Go ahead, close our library! Heights group OKs replacing it with a hi-rise; foes demand audit
The Brooklyn Heights Association’s board has given tacit approval to the Brooklyn Public Library system’s plan to sell the site of the Brooklyn Heights and Business branches on Cadman Plaza West, move the Heights Branch to the first floor of a yet-to-be conceived private residential building, and move the Business branch to the Central Library at Grand Army Plaza.
However, the leader of a protest group that wants to save the current library building has written to New York City Comptroller John Liu, asking for an audit of the library system.
A statement on the BHA’s website reads:
“The Brooklyn Heights Association board has voted that, at this time, the BHA will not oppose redevelopment plans for the Brooklyn Heights Branch of the Brooklyn Public Library providing that: 1) there is continuity of library service in Brooklyn Heights throughout the development period; 2) the replacement Brooklyn Heights Branch Library is of adequate size; and 3) the proceeds from the transaction go to the Brooklyn Public Library.
“All on the BHA Board agree that the library is an important part of our community and that the BHA should be part of the planning process. Through our membership in the Community Advisory Group, and by working in tandem with the Friends of the Brooklyn Heights Branch, we expect to be strong advocates for a new library that meets the needs of our community.”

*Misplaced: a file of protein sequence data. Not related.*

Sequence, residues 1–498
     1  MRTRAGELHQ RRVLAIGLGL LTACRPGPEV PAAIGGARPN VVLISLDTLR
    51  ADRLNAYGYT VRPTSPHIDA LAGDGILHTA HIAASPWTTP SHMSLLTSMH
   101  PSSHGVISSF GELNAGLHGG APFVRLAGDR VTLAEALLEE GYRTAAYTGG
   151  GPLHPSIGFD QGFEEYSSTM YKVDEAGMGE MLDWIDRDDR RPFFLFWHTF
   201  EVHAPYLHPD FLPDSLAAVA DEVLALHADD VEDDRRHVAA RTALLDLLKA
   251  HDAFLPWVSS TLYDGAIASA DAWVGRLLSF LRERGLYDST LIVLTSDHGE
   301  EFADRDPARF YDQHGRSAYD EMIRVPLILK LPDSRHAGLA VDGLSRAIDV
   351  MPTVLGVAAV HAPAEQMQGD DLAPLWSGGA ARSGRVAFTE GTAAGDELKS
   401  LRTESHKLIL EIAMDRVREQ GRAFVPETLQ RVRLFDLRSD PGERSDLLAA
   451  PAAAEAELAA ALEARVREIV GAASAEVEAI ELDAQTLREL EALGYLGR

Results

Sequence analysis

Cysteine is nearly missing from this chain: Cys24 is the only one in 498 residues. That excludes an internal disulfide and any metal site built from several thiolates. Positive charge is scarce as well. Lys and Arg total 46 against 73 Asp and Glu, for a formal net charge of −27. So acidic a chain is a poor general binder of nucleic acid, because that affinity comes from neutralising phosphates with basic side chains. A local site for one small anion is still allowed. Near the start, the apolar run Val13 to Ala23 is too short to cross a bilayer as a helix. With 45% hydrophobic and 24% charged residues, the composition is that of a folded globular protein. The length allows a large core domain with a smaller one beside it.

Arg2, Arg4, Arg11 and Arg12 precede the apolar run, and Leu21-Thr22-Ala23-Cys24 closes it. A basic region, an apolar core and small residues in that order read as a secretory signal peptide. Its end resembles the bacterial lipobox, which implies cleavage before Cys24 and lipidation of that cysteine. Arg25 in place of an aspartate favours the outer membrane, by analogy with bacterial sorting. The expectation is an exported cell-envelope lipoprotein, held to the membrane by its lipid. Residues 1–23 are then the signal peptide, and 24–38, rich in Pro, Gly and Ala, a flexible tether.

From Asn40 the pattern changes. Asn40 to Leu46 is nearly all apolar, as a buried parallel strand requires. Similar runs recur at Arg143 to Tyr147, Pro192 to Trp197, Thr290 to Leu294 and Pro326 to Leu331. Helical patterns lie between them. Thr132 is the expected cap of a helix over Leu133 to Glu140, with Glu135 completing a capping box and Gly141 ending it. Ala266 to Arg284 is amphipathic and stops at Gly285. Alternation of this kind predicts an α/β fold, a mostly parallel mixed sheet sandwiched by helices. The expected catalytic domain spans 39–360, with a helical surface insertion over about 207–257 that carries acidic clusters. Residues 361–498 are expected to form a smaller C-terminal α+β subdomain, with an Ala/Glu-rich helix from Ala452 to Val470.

The BHA also pointed out that the current Cadman Plaza West site is not within the Brooklyn Heights Historic District.
For many years, the library branch has had problems with its air-conditioning system, and at times has had to shut down because the air conditioning was inadequate to deal with the summer heat. In 2012, the library was closed for 30 days.
The city plans to sell the property — by some estimates worth $100 million — to a developer in order for the library to avoid spending $9 million in repair, including $3.5 million to replace the decrepit air-conditioning system.
It is understood that the building would be torn down and a new privately owned residential building would be erected there. Because the land is city-owned, the proposal would have to proceed through the city’s Uniform Land Use Review Procedure.
The branch has a Community Advisory Committee, which has had one official meeting on the sale of the branch, and has scheduled another one for next week. Its members have questioned some of the BPL’s plans, but the group is not an advocacy organization.
However, an organization specifically opposed to the destruction of the current Heights library building, Citizens Defending Libraries, has formed. A petition it sponsored has gained 8,000 signatures, and Councilwoman Letitia James and a representative of state Sen. Velmanette Montgomery both spoke at its most recent meeting.
Carolyn McIntyre, the organizer of the group, has written to Comptroller Liu, requesting “a full audit of the BPL in light of the announcement to close and sell the Brooklyn Heights branch library and the historic Pacific Street branch library, the oldest Carnegie library.
“It is deeply troubling,” she wrote, “that our public library systems are on the front line of every budget fight. Libraries are the lifeblood of our communities and they are an increasingly rare public space. Every year, we must fight to ensure that library hours and services are not reduced. Libraries are a beacon for young people, immigrants, seniors and business in our communities.”
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